Giorgio Agamben - Biography
Giorgio Agamben, Phd., Baruch Spinoza Chair at European Graduate School EGS, is a professor of aesthetics at the University of Verona, Italy and teaches philosophy at the Collège International de Philosophie in Paris and at the University of Macerata in Italy. As a post graduate he participated in seminars with Martin Heidegger in Freiburg and directed the Italian Walter Benjamin Edition. Agamben's unique blending of literary theory, continental philosophy, political thought, religious studies, literature and art makes him one of the most challenging thinkers of our time. He was a visiting professor in Paris and has taught at American universities such as UC Berkeley, Los Angeles, Irvine, Santa Cruz, and Northwestern.
Agamben's book Stanzas: Word and Phantasm in Western Culture (1992) is a blend of philology, medieval physics and psychology, the psychoanalysis of toys, and contemporary linguistics and philosophy. In this work, Agamben attempts to reconfigure the epistemological foundation of Western culture. He rereads Sigmund Freud and Ferdinand de Saussure to discover the impossibility of metalanguage and of synthesis that could be reflected in the transparency of signs. There is no "superior language" that can read the obscure scenes of the unconscious, and the "symbol" is always the return of the repressed in an improper signifier.
This impossibility leads Giorgio Agamben to the problem of representation. He argues that because language is the locus of the production and storage of phantasms, all real objects are fractured by phantasmic itineraries that in turn divide poetry and philosophy, joy and knowledge. Agamben argues that it is by negotiating and achieving an enclosed space, the "poetic room", that poetry can aspire to "possess its object". This "object" is not only outside the self but, as modern and contemporary narratives appear to indicate, is the self itself. In writing about the world, the modern and contemporary self ends up writing its biography; or rather, its biography, its profile, is subsumed by and incorporated into the image of the world. The fusion of object and subject demands a new approach for interpreting the writing self and investigating its narratives.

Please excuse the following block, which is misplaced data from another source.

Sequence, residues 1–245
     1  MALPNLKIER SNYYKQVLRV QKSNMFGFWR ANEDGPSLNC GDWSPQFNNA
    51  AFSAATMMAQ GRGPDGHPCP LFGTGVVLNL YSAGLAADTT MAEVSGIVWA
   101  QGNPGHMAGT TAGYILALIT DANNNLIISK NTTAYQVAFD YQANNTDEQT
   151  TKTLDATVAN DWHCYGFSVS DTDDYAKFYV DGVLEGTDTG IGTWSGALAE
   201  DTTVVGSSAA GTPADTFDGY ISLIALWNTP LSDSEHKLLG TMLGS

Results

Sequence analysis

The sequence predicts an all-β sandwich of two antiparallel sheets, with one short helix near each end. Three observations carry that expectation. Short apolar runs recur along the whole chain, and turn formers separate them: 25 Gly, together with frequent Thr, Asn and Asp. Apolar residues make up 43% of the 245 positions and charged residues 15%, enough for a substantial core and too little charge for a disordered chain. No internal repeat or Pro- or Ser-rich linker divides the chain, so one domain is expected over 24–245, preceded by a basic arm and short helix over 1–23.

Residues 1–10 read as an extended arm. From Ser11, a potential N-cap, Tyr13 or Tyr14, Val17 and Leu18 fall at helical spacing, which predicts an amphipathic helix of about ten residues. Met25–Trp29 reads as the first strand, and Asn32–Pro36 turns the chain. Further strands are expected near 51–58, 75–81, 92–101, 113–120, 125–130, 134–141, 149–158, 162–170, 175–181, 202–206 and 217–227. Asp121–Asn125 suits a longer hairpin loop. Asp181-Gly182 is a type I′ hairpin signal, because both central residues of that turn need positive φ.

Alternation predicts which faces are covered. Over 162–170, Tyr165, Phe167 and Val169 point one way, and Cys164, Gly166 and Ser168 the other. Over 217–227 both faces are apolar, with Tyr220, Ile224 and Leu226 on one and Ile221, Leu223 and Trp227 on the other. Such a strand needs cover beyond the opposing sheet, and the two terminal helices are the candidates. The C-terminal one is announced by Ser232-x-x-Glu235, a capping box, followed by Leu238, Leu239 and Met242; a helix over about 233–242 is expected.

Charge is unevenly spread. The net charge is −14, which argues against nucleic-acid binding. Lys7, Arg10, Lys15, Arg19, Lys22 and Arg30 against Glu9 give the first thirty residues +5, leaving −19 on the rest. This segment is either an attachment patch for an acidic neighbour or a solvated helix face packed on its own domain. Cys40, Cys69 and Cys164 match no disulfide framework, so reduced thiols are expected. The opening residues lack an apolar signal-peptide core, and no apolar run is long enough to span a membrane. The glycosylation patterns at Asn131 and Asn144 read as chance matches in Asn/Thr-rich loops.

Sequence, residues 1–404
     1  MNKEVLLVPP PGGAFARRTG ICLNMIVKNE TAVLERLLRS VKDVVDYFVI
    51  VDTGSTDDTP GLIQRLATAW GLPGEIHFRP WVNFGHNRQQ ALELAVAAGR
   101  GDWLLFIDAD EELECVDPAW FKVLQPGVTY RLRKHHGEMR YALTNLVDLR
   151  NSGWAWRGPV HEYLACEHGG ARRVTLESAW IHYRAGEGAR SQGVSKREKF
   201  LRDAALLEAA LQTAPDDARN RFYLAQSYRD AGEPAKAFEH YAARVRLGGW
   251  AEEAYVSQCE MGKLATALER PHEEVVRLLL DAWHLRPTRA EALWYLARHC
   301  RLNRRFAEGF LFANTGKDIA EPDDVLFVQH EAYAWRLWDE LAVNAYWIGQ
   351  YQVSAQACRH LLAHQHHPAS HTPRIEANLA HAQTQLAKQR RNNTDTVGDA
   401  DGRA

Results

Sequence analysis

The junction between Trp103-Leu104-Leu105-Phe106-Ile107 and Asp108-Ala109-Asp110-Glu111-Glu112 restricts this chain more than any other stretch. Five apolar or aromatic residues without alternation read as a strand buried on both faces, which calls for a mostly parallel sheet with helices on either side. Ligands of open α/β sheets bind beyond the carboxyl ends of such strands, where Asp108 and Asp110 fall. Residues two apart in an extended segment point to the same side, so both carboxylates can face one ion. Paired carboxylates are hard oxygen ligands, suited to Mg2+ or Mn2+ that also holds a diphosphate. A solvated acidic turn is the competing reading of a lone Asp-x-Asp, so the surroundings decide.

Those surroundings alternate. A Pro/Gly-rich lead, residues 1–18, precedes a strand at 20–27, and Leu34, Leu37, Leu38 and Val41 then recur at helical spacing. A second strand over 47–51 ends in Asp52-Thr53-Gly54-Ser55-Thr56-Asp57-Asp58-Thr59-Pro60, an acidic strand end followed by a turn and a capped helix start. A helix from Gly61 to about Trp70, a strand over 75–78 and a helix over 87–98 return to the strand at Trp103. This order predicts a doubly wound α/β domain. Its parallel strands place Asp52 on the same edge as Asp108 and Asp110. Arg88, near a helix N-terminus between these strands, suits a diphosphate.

Agamben's philosophy of language, one of the preeminent and overarching themes of his work throughout the eighties, is informed by very fine readings of Martin Heidegger, Ludwig Wittgenstein, and Walter Benjamin. It also benefits from the persuasive use of his unique knowledge of the classical and medieval stocks of etyma, parables, and sophisms. One of the central turns that Agamben's thought takes leads the reader into the misty land of "prose". That "poetry" cannot be put into other (prosaic, never mind poetic) words is the modern version of an excess unknown to older times when music, as gift and fountain of "nature", resolved to bar individualistic propensities towards the miracle of meaning. Agamben's work compels us to find the language of humans - beyond operatic syntheses like the prose poem - in its constitutive generic difference; that is, in its prosaic and poetic proximity that was never fully socialized unto guilt. As Agamben mentions in Stanzas, "shame is the index of the shuddering proximity of man to himself" (84).